My fellow readers know it already: I don’t like found-footage style horror flicks. Only a handful of them are worth investing your time in, in my opinion. I must add, I’m also growing a bit tired of formulaic possession flicks that, 90% of the time, are boring and tiresome as hell!
Well, The Devil’s Doorway combines the ‘exorcism subgenre’ with the found-footage style of filmmaking. Why, then, did I go out of my way to seek this film out? According to critics and people who watched it at film festivals, this 75-minute-long flick stands out above most of found-footage flicks, in both its scare factor and the way it’s presented.
Was it the case? First, it’s worth introducing the simple but effective set-up. In the autumn of 1960, Father Thomas (an old priest with an unconventional and scientific approach to religious matters, played by Lalor Roddy) and Father John (a young, much more pious and devoted blackcoat) were sent by the Vatican to investigate a miraculous event in an Irish home for ‘fallen women’, only to uncover something much more horrifying.
The Devil’s Doorway utilises a background the shadiness surrounding the Magdelene sisters, who mistreated – in the 60s, in some Irish homes for people in need – the inmates and abused them to various degrees. These real events give a nasty feeling to a movie that’s shot in quite a unique way: using the old-school aspect ratio and digitally added filters that give this flick a real-film stock vibe, The Devil’s Doorway appears more realistic than most found-footage flicks.
Continue reading and check my final grade below…
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The realism, which should be the first thing a found-footage flick has going for itself, is enhanced by the lack of dull moments. Other than a couple of scenes where the camera doesn’t really need to be on, The Devil’s Doorway doesn’t waste any time with uneventful and pointless dialogue that wouldn’t implement the story in any way. Instead, the camera films only what should be filmed and that makes for a more enthralling and intense watch. Indeed, the pace is rather fast – contrarily to what happens in more gimmick-driven, boring found-footage flicks.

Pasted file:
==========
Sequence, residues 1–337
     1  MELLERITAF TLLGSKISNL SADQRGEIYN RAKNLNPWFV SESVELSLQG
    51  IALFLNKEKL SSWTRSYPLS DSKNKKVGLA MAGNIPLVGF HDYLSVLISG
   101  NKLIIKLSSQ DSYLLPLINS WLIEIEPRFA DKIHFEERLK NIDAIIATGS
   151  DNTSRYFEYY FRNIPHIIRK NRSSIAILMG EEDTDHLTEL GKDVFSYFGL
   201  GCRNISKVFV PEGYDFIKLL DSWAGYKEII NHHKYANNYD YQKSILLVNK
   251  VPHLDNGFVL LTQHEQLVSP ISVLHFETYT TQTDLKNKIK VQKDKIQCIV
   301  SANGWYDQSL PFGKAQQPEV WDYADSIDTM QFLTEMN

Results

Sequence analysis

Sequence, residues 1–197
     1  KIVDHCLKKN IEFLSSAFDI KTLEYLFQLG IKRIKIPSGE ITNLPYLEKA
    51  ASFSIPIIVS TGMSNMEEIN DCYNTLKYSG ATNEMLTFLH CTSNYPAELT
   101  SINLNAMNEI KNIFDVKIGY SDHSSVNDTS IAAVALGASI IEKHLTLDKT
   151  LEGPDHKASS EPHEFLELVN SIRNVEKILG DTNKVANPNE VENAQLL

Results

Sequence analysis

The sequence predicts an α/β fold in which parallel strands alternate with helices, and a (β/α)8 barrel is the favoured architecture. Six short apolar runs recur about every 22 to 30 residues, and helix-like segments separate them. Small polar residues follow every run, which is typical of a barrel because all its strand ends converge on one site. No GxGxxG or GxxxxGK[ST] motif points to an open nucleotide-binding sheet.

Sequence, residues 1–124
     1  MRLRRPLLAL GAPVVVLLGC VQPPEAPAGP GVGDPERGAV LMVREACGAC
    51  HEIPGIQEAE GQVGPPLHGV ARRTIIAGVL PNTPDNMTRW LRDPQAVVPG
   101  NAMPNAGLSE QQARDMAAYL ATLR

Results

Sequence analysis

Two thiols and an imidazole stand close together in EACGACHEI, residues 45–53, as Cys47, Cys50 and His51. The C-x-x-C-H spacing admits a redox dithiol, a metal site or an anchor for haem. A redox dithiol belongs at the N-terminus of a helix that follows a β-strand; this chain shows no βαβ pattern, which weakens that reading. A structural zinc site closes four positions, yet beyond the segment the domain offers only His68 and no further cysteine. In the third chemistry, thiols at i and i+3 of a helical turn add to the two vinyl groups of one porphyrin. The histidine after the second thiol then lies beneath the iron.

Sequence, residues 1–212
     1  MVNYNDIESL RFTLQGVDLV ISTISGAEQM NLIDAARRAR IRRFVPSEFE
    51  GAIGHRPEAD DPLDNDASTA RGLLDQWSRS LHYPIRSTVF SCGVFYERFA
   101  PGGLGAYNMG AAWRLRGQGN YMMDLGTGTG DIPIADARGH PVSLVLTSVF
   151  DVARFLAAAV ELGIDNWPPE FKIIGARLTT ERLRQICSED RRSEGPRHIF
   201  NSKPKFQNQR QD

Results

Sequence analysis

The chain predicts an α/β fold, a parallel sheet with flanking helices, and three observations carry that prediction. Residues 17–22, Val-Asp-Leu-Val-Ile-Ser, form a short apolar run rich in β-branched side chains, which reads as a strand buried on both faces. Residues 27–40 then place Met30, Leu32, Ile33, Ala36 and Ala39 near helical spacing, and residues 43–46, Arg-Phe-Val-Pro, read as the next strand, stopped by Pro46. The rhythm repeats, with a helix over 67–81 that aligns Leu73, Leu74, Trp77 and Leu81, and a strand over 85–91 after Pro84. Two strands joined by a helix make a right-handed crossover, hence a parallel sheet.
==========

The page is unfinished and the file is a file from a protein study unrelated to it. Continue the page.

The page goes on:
The downside, however, is that the characters aren’t really fleshed out: there are only a few hints to their backstory and motivations. Nevertheless, if you want to make a realistic found-movie, you know that’s a risk you might face. And here it pays off, in my opinion, since I’d rather know a little less about the characters in this type of film rather than wasting time with exposition-driven dialogues as interesting as watching a wall.
If I had to pinpoint an aspect of The Devil’s Doorway that takes away from the realism and was rather annoying, that would be the sound. First of all, having music playing in the background makes the footage instantly unrealistic: it makes you, as a viewer, remember you’re watching a movie instead of helping the suspension of disbelief. Also, the sounds added in post-production only generate more cheap, useless jump-scares.
Speaking of scary moments, they were hit and miss for me. Especially during the first half of the film, they were subtle enough to be effective, whereas as soon as The Devil’s Doorway tried to go out with a bang they became over-the-top and a bit annoying.
The last 15 minutes – where this type of flicks feel the need to go overboard for some inexplicable reason – were very reminiscent of Grave Encounters. Don’t get me wrong, I enjoyed that movie for what it was, but in a film like The Devil’s Doorway, which relies on a more “laid-back” approach and vibe, this ending seemed just formulaic and put there for the sake of it.
Bridging back to my initial question, is this one of the best found-footage flicks in years, being a ode to The Exorcist and Rosemary’s Baby? Well no, but I’d like the critics, who stated that, to pass the weed, it must give you a hell of a trip! Jokes apart, I do believe this movie is much better than the found-footage garbage we so often have to endure. If you’re a fan of this type of filmmaking as well as of stories that revolve around possessions and exorcism, then The Devil’s Doorway should be your cup of tea.
The Devil’s Doorway 6.5/10